Piramal Pharma Limited’s Pharma Solutions (PPS) business, a leading Contract Development and Manufacturing Organization (CDMO), today formally announced the launch of a world-class high-throughput screening facility that augments the existing in-vitro biology capabilities at its drug discovery services site in Ahmedabad, India. This new expansion significantly adds primary and secondary screening capabilities of compounds prepared at the Ahmedabad site.
With this expansion, Piramal Pharma Solutions is uniquely positioned to provide clients with an integrated set of discovery capabilities and leverage a wide range of in-vitro screening technology tools to support its broad portfolio of research services. The goal is to generate data that provides a superior data package for clients and enhance the company’s value as an outsourcing partner. The benefits of this new investment will be seen in an improved experience for PPS discovery services customers. The integration of chemistry and biology services under one roof promises to add high efficiency to the discovery process. To enable this expansion, PPS is committed to bringing in experienced personnel with a demonstrated track record in biology services, complementing the existing technical and operational expertise.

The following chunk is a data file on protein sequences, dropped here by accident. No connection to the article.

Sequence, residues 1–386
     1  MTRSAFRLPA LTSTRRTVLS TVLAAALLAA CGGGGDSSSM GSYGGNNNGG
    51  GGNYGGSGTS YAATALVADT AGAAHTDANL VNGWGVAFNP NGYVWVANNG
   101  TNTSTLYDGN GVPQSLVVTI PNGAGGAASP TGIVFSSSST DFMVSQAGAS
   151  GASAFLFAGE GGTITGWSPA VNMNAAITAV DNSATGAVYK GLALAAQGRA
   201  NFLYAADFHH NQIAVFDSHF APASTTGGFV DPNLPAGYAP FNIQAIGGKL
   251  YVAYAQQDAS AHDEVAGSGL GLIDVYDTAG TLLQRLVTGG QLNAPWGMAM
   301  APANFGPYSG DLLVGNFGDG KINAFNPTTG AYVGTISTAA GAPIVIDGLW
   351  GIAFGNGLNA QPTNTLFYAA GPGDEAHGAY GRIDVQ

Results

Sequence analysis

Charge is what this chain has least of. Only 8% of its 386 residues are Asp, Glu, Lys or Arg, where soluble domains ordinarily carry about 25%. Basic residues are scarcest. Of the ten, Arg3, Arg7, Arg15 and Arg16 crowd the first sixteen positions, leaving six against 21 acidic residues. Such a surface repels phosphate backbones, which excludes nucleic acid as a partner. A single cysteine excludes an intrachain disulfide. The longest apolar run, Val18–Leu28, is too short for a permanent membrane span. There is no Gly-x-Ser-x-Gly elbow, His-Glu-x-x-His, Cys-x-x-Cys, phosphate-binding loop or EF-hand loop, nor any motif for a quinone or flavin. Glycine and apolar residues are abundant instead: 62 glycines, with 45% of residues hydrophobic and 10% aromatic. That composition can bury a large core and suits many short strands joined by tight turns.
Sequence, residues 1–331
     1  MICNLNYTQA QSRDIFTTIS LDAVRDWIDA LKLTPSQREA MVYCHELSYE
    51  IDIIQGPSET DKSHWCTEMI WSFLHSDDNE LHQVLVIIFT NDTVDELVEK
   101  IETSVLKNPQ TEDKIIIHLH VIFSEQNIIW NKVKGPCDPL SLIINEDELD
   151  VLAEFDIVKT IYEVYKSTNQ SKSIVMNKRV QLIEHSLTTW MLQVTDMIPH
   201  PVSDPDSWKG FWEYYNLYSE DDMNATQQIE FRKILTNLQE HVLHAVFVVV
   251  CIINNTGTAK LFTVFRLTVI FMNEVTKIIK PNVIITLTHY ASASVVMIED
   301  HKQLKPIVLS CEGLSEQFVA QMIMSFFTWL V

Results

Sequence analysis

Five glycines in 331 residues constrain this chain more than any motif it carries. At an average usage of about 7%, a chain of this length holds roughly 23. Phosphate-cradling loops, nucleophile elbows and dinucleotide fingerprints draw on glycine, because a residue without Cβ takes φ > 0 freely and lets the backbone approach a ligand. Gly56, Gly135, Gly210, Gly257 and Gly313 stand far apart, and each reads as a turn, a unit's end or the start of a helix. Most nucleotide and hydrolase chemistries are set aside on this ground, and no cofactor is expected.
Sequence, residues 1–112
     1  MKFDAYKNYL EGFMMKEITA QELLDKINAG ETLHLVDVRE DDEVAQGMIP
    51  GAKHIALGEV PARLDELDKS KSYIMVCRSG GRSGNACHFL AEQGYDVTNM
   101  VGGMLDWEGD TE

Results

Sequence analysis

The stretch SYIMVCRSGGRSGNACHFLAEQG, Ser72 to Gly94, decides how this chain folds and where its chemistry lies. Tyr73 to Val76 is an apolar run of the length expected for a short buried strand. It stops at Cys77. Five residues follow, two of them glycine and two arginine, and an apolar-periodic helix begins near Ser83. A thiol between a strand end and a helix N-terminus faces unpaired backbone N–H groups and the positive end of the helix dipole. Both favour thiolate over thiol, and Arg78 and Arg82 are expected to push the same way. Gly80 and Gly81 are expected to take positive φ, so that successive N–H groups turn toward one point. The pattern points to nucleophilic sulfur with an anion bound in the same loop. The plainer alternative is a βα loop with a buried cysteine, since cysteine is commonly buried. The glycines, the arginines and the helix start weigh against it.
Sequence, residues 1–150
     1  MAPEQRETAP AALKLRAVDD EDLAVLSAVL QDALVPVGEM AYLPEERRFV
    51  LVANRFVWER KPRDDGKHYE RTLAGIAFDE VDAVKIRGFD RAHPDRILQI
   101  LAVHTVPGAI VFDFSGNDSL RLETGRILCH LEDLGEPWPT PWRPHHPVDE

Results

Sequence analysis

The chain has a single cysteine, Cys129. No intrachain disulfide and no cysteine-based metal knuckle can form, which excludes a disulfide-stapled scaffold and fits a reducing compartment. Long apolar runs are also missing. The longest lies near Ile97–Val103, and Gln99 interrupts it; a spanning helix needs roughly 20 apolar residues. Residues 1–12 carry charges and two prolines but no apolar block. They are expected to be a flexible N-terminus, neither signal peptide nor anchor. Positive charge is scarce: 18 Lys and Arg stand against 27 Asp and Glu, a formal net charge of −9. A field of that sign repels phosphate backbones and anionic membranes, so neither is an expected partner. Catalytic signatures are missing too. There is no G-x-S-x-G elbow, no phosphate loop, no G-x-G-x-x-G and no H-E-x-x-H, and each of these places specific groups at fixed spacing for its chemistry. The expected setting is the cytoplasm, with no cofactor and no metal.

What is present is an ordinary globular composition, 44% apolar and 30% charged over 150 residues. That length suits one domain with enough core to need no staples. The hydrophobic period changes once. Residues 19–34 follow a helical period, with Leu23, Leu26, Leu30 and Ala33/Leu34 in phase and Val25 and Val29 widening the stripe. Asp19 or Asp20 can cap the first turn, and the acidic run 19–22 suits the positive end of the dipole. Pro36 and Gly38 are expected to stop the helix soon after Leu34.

Peter DeYoung, Chief Executive Officer, Piramal Pharma Solutions said, “Through these enhanced in-vitro biology services, our drug discovery team will be able to provide clients with decision-driving information earlier and will be an even more effective partner in the drug discovery process.”
The new high-throughput screening format enables PPS to evaluate and screen large collections using various assay platform technologies including, but not limited to, TR-FRET (Time-Resolved Fluorescence Resonance Energy Transfer) / HTRF (Homogeneous Time-Resolved Fluorescence), Fluorescence Polarization (FP), absorbance, Luminescence/Electrochemiluminescence (ECL), AlphaScreen, LanthaScreen, flow cytometry and high-content imaging. These platforms will be applicable to a variety of targets including but not limited to G-Protein-Coupled Receptors (GPCRs) and kinases.